The Pew Research Center has released new data on mobile use of location-related services and features. It focuses on maps/directions/local search apps, check-ins and geo-tagging of social media posts.
The chart below compares use of location-based services (broadly defined) with the use of what it calls “geosocial services” — essentially apps that allow users to check-in to places.
Use of location based apps/services vs. checking-in:
As Foursquare has moved away from focusing on check-ins and other check-in apps have been acquired (e.g., Gowalla) or otherwise exited the market checking-in appears to be in decline. However location sharing is not.
Users will continue share location or “check in” for incentives (rewards, coupons, etc.). Indeed, indoor location and related advertising will bring a new era of checking-in but for very clear and specific reasons. As a habitual, unmotivated behavior check-ins have peaked and are on the way out.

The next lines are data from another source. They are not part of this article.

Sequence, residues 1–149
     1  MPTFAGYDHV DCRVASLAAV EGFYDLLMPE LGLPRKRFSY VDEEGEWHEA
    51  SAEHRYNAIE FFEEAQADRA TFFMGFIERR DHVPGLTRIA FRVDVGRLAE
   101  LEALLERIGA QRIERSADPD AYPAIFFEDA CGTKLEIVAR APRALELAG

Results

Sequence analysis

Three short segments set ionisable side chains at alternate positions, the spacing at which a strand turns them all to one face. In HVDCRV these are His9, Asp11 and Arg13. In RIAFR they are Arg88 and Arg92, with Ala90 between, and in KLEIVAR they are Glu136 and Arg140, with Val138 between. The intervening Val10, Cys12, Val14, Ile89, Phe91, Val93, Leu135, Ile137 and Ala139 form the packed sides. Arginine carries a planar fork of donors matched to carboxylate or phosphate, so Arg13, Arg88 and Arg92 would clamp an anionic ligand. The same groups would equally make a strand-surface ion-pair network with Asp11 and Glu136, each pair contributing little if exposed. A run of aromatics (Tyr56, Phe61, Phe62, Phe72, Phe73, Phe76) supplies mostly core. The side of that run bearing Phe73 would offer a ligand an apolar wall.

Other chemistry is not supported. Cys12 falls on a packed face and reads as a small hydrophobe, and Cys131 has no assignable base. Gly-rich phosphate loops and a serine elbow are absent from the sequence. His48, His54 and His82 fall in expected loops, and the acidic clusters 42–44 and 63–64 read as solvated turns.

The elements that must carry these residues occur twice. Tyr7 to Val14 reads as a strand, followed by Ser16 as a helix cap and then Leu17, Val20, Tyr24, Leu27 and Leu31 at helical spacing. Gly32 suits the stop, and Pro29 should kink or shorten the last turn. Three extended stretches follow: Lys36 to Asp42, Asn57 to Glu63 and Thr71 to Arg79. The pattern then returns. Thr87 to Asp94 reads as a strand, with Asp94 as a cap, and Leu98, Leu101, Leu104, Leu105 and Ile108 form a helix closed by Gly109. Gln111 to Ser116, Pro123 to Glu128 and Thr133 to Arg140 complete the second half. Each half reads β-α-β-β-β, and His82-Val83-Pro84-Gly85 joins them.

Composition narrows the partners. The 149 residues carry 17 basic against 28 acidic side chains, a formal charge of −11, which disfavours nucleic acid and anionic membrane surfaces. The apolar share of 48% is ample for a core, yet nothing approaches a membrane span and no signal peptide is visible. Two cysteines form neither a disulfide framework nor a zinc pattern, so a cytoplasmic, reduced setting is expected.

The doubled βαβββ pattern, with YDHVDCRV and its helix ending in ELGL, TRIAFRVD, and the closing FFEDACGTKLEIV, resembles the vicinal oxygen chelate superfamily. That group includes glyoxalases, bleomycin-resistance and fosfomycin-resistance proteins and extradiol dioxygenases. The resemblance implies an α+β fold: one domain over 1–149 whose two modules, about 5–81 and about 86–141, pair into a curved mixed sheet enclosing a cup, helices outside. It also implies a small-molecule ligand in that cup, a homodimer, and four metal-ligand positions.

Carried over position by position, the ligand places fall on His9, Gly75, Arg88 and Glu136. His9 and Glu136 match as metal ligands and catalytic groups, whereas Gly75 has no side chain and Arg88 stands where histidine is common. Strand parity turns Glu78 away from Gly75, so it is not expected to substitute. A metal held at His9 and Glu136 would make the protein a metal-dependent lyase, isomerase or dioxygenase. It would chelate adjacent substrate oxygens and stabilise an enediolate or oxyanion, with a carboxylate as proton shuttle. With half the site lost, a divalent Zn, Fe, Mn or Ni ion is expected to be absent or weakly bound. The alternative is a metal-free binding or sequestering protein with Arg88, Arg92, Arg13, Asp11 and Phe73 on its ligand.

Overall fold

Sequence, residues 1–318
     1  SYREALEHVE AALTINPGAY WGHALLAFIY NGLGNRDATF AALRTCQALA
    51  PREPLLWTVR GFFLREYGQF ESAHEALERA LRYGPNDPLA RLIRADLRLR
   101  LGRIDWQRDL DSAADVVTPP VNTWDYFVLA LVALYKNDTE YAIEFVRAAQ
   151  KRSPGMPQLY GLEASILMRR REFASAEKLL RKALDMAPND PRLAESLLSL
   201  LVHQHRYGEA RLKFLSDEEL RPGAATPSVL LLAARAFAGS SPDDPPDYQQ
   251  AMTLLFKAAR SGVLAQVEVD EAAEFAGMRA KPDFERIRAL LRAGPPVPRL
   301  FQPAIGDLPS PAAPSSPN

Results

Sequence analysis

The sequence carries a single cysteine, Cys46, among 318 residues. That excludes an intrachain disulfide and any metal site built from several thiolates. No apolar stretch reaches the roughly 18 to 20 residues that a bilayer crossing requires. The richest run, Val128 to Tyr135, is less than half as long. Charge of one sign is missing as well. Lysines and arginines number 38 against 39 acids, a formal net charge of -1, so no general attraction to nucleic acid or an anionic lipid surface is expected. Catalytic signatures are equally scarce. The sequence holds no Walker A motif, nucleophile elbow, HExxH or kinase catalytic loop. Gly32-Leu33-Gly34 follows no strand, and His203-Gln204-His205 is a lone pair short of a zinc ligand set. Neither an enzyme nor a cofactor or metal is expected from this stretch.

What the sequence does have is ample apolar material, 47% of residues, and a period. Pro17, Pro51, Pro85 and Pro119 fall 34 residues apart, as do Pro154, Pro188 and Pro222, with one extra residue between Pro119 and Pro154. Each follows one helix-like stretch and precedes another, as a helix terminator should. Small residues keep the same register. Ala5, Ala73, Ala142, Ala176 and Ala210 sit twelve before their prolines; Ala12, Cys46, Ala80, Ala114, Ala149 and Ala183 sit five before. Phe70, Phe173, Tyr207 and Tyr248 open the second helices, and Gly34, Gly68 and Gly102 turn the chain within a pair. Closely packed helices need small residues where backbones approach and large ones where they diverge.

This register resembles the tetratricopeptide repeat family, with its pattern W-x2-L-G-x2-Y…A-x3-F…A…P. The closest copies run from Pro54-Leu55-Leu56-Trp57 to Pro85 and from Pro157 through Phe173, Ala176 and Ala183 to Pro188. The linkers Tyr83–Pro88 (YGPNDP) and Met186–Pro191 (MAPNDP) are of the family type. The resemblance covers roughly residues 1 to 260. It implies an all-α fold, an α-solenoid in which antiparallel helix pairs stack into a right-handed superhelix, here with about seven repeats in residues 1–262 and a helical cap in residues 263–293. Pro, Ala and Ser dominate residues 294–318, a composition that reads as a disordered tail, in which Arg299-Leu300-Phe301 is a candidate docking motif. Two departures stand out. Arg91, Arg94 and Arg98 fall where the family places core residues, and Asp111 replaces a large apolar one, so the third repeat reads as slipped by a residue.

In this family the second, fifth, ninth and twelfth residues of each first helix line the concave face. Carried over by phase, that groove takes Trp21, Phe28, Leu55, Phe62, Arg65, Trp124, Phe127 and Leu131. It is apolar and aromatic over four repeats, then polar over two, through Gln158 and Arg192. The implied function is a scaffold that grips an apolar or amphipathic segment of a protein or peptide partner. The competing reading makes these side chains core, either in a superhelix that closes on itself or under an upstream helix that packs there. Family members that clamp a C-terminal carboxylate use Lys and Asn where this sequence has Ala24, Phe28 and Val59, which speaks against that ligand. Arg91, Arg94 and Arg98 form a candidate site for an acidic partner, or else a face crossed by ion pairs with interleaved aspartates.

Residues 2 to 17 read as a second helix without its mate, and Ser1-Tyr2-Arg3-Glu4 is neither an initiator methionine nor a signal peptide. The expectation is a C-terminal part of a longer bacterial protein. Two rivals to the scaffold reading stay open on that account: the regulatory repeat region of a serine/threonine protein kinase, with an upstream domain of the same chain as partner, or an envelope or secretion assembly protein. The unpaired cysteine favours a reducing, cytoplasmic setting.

Among sites used to check-in, the survey (with a very small sample) found Facebook was the top app, followed by Foursquare and Google+ (kind of surprisingly).
Another use of location is for geotaging of social media posts. In contrast to checking-in, that is on the upswing.
Pew found that 30% of its respondents have set up automated location tagging on at least one of their social media accounts. This is up from 14% in 2011. By comparison 16% of teens “said they set up their profile or account so that it automatically includes their location in posts.”
Mobile-location has emerged as a sensitive piece of personal information that users clearly want to control. An earlier Pew survey explored the question of location in the context of a larger survey on privacy. It found that 70% of respondents said it was somewhat or very important that they be able to control who gains access to their location information.
At the Place Conference next month we’ll have a featured session in which we discuss the subject of indoor location and consumer privacy with Laura Berger, Senior Attorney, Division of Privacy and Identity Protection, Federal Trade Commission and Jules Polonetsky, Executive Director & Co-chairman, Future of Privacy Forum.
Back to the subject of check-ins. Do you agree with that this survey appears to say: check-ins are on the way out? Will the check-in survive and if so in what kind of context or scenario?